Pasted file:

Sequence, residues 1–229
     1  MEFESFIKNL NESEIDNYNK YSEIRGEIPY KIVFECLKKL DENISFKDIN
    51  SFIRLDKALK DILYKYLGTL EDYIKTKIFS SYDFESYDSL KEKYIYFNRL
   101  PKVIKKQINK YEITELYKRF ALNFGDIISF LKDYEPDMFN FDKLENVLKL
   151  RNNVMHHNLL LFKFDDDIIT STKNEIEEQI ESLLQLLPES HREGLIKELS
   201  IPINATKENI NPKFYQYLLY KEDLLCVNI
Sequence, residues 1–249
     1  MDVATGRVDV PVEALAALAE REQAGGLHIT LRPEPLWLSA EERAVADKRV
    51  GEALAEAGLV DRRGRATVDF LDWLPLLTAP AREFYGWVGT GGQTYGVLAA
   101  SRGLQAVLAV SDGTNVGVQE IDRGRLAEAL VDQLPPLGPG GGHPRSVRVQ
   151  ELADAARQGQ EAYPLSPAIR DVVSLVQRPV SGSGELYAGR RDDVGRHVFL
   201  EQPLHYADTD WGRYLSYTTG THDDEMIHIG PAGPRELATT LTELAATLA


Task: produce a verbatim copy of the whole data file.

Sequence, residues 1–229
     1  MEFESFIKNL NESEIDNYNK YSEIRGEIPY KIVFECLKKL DENISFKDIN
    51  SFIRLDKALK DILYKYLGTL EDYIKTKIFS SYDFESYDSL KEKYIYFNRL
   101  PKVIKKQINK YEITELYKRF ALNFGDIISF LKDYEPDMFN FDKLENVLKL
   151  RNNVMHHNLL LFKFDDDIIT STKNEIEEQI ESLLQLLPES HREGLIKELS
   201  IPINATKENI NPKFYQYLLY KEDLLCVNI
Sequence, residues 1–249
     1  MDVATGRVDV PVEALAALAE REQAGGLHIT LRPEPLWLSA EERAVADKRV
    51  GEALAEAGLV DRRGRATVDF LDWLPLLTAP AREFYGWVGT GGQTYGVLAA
   101  SRGLQAVLAV SDGTNVGVQE IDRGRLAEAL VDQLPPLGPG GGHPRSVRVQ
   151  ELADAARQGQ EAYPLSPAIR DVVSLVQRPV SGSGELYAGR RDDVGRHVFL
   201  EQPLHYADTD WGRYLSYTTG THDDEMIHIG PAGPRELATT LTELAATLA